Sharp End of the Rupee

The following is a guest post from Prunescholar:

Prunescholar is a fan of all kinds of games. He is especially interested in how games make us feel, and the stories and memories they leave us with. Prune considers himself an ally, and has had the help of many awesome people (including the folks of Lashings of Ginger Beer Time) on his path to intersectionalist feminism and understanding experiences outside his own.

In Oblivion, I’m a bit of a shit. I own eight houses, never use them, and still act chummy with all the homeless folks of Cyrodil. I am waiting for the game to call me out on this. A sidequest? A conversation? I’ll even take a line of incidental dialogue: “Get out of my face, you bloody toff!”.

Other titles also disappoint.  At no point has my plucky hero turned around as I raided some long-forgotten croft to say: “actually, buddy, I have enough cash right now. Bought the best gear, unlocked all upgrades… I think I’m going to leave this loot behind”. No impecunious NPC has approached my band of brave adventuring souls to upbraid me for hoarding enough Gil to found a tiny country.

Not only would it be wonderful if the above encounters had actually happened, but this particular lack of self-awareness inhibits our games from speaking about themes like money, or poverty, in a radical or a thought-provoking way.

Recettear: An Item Shop’s Tale is a great example of this. In Recettear, you play a young girl whose father went missing on a dungeon raid. One day a fairy rocks up at your door and lays down the bad news: your dad left behind a whole lot of debt, and the collection company is going to repossess your home. Unless…you can find a way to make the money back yourself. Before you can object, she’s stuffed you into a pair of overalls and turned your living room into an item store.

Recettear is a feel-good story about a young girl’s triumph over adversity against all odds. But I felt guilty when it finished. The problem wasn’t being exploited by my fairy accomplice (whose ambiguous position is lampshaded a couple of times), but the way in which I’d exploited others to make back my father’s debt. Specifically, the adventurers I’d employed to earn money on my behalf.

The deal is this: through a local guild you can enlist people to explore dungeons and fight monsters to retrieve rare items. Once you’ve paid your proxy, anything they find is yours to sell.  These dungeon delves are one of the most lucrative activities in the game, because compared to the amount of bank you can make off a tomb haul, the fee you pay your warrior friends is pitiful. You risk a relatively tiny sum; they risk their lives.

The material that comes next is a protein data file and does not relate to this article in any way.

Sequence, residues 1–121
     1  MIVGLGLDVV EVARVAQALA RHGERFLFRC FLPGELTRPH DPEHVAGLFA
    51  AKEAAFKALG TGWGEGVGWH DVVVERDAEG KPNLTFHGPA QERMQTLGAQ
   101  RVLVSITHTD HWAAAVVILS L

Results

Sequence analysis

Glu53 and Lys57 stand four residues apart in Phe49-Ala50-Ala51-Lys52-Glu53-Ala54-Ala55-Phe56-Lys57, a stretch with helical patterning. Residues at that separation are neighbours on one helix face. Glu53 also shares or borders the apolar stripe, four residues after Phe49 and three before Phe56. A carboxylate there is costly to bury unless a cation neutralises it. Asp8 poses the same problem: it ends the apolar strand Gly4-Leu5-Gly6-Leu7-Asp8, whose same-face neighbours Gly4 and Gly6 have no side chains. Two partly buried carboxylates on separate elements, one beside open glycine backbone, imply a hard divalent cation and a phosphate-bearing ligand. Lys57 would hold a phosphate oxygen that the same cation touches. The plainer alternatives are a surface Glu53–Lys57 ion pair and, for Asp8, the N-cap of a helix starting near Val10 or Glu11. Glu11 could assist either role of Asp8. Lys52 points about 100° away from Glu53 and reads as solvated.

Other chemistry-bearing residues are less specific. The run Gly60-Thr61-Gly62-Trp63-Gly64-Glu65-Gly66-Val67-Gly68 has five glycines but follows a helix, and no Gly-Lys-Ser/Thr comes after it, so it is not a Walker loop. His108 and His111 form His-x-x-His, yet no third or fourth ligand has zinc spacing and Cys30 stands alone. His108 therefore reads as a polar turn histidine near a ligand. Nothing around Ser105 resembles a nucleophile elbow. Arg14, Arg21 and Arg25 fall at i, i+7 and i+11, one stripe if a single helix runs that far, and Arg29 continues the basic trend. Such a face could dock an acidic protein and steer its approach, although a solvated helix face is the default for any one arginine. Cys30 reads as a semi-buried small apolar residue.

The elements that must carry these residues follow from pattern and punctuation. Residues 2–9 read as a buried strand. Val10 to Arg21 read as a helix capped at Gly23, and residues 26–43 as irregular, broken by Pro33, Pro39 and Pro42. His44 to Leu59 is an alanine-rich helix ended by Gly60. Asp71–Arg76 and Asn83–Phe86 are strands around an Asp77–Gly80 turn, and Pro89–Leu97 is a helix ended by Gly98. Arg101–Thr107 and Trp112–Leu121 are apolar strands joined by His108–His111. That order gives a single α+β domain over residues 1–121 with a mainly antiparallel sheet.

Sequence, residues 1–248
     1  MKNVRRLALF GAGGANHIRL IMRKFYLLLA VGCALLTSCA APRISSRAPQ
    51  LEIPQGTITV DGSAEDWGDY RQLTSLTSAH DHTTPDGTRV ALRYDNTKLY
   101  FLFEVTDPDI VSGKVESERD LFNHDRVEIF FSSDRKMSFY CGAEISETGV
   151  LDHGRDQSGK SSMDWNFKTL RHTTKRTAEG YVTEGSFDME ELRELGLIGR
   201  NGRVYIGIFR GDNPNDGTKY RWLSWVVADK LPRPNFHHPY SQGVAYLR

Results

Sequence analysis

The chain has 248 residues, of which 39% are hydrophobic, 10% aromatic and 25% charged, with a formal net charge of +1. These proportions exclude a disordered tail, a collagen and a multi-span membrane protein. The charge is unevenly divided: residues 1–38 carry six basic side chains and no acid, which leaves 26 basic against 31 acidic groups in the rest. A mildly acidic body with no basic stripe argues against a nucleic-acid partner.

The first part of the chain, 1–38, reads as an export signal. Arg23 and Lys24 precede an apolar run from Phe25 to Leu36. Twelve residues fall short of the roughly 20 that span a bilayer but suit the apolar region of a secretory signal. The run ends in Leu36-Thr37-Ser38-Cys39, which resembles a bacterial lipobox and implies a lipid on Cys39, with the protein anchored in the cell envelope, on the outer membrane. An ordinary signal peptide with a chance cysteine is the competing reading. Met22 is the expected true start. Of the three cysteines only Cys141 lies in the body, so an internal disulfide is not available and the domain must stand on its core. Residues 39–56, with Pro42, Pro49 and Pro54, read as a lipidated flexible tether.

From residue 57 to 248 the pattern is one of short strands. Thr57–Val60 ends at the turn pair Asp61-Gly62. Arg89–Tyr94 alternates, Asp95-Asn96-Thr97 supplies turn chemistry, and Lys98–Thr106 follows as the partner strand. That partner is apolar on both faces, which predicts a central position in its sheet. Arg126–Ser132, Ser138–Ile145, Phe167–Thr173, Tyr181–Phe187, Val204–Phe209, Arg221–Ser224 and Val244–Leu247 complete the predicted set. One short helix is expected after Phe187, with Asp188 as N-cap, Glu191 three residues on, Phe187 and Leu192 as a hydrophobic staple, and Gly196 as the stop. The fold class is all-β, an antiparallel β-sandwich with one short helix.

Ah, capitalism.

A young boy with brown hair and grey eyes pokes out from behind several menus, one of which lists his equipment. Stone walls and red curtains are visible in the background. The boy’s adventuring “price” is listed as 2550 pix - a fraction of what you can earn by sending him to a high-end dungeon. His flavour text reads: “Louie: Brave but poor adventurer. Balanced and easy to control. Uses swords, shields and armor.

But our games don’t have to celebrate this all-too-familiar economic exploitation. Freshly-Picked Tingle’s Rosy Rupeeland, for example, is a refreshingly cynical take on the pursuit of virtual wealth. In Rupeeland, you play a thirty-something unemployed single male living on the fringes of society. One day, you are summoned by Uncle Rupee – the spirit of money, or perhaps greed – and promised passage to a land of paradise, free from grind, replete with all the luxuries of life: Rupeeland. Only snag is, the old man needs paying up front. It will take hundreds of thousands of Rupees to make his phallus tower grow and restore his ancient power.

Sourcing cash to fund what is essentially an avatar of the kyriarchy is not a little bit disturbing (spoilers: he’s evil). Female characters aren’t something TRR gets right, but it’s telling that Uncle Rupee has wounded the Grand Fairy, who represents female power and authority, enslaving her daughter in order to further his schemes. Rupeeland acknowledges the truth that money is power: a power that is used to control and coerce.

Yet money is the only power you have. Money is life: your health bar is hooked up to your bank account; every punch is a punch in the wallet, and if you go broke, you die.  Money is experience: the game map is sealed off by huge and frequent paywalls, so if you don’t fleece the residents of Hyrule for every last Rupee, the game gets boring quickly. Money is a weapon: you use it to hire bodyguards to duff up enemies, and you fight the final boss (guess who) by pelting him with Rupees.

The conclusion was where Rupeeland gave me a black eye. After exploding gratuitously, Uncle Rupee left behind, well, lots of Rupees. In the regular ending these showered down across the world, sowing the seeds of greed all over again. I was then treated to a picture of old man Rupee’s cackling face. Wonderful; I may as well not have bothered. In the game’s best ending my character proved too susceptible to the temptation of fat stacks of cash, and rather than using these hundreds of thousands of Rupees for “good”, as the Grand Fairy urged, I decided to spend them all on limos and champagne.

Tingle’s Rosy Rupeeland has one major flaw. It’s dull. The controls are a pain; getting money involves grinding; the grinding is tedious. It’s better as a critique than as a game.